Nick with Somaly Mam from Cambodia. Somaly has dedicated her life to battling forced prostitution. After being sold as child to a Cambodian brothel, and enduring tortures and rapes, Somaly escaped and became an anti-trafficking activist.
TB: Do you think covering the triumphs makes a difference?
NK: I think humanitarian organizations should acknowledge the progress more than they do. I think that one reason people are reluctant to provide more help to Africa, for example, is this sense that it's just hopeless, in a way that I think is untrue. The Gates Foundation has been trying to send that message out that there really is progress.
In the case of journalism, it's harder, and I've sort of struggled with this. The basic problem is that we in journalism cover planes that crash, not planes that take off. So it's sort of natural that we are drawn to war in Congo, genocide in the Sudan, AIDS in Southern Africa more than we are to economic development in Ghana or efficient, corrupt-free government in Rwanda.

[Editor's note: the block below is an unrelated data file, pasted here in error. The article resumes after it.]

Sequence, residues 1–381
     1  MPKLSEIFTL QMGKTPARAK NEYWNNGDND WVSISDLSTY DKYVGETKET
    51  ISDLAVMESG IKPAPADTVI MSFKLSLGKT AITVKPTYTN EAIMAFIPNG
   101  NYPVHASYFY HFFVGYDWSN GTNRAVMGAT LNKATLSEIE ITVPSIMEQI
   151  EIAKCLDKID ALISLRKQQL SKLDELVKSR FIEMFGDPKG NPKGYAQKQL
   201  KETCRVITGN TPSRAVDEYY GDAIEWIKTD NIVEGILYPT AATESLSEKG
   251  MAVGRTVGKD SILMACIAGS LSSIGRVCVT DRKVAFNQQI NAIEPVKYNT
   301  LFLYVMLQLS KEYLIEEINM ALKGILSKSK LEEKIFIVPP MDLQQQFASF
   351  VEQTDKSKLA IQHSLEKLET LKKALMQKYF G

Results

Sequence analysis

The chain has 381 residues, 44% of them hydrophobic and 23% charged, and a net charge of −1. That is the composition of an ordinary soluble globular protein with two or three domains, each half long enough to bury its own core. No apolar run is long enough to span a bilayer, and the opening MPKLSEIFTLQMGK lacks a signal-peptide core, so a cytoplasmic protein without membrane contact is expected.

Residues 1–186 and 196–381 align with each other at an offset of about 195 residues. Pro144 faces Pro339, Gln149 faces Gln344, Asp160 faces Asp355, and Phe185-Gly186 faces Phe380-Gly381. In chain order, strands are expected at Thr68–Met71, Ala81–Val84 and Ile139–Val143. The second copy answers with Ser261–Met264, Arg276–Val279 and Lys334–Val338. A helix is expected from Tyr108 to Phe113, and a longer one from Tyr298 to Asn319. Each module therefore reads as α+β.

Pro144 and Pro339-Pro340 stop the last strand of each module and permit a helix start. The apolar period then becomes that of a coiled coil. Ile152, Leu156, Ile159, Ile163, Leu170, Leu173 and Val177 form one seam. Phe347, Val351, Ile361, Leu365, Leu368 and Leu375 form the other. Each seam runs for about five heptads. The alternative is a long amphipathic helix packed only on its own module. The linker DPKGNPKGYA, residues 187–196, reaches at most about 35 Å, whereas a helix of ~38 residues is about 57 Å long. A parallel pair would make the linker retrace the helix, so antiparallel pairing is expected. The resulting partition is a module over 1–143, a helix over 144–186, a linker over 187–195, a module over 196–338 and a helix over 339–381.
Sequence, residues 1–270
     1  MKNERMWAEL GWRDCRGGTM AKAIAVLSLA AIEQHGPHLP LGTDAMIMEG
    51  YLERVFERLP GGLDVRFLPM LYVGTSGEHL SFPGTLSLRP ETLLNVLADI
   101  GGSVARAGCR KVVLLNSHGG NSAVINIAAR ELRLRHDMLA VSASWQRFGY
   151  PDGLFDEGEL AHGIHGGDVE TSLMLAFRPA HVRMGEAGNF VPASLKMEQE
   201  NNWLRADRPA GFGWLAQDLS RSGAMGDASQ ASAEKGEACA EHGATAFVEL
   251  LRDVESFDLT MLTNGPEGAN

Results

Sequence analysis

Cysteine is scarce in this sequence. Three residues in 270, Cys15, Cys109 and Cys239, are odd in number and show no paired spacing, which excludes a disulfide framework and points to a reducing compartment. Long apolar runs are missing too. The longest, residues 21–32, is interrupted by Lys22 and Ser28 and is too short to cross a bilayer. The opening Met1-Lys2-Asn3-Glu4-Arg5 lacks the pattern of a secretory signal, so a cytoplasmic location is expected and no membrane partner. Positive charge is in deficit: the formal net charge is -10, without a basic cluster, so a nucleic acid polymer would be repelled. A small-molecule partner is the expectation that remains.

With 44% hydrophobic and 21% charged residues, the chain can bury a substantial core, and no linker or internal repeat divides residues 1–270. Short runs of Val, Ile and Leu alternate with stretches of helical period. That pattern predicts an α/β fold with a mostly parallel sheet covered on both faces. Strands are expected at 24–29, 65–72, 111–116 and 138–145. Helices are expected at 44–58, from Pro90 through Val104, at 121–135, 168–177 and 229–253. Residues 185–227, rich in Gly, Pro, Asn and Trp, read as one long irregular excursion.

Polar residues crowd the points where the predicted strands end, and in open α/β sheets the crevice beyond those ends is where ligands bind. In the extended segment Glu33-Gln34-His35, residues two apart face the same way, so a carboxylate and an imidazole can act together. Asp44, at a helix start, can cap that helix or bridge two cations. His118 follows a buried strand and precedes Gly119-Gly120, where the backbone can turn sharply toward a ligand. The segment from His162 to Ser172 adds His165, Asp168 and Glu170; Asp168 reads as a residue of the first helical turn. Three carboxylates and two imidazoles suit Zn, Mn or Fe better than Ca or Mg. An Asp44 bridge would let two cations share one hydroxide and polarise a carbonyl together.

In my travels I try to periodically do a column that acknowledges the progress, but I also have to say that I have done an awful lot more columns about Darfur or Eastern Congo than I have about the success stories. Then again it also seems to me that at the end of the day Sudan and Congo were still usually under-covered problems. So I struggle with that question all the time.
TB: Speaking of the success stories, the past couple of columns you did were quite positive. In the one that you did highlighting Room to Read and John Wood, you said: "The humanitarian world is mostly awful at messaging." Can you say more about this?
NK: I think that humanitarians think that marketing is something that corporations do to pedal products, and they flinch at the idea of serious marketing of important causes. I don't really care whether Toyota and Nissan market effectively, but it matters hugely to the world whether humanitarians can get the message out about malaria or about girls' education. It frustrates me no end that every day I get these very professional pitches from corporations trying to sell products that don't matter at all to the world. Then I see the most inept pitches from organizations about issues that would matter immensely to the world. I think the basic problem is that humanitarians flinch at the idea of marketing because they think that these issues are too important to be treated like that. But where lives are at stake, I think they are too important not to be treated like that.
TB: Do you think there is a new path in journalism in terms of helping these humanitarian organizations? In other words, do feel there is a place for the marriage of journalism and advocacy?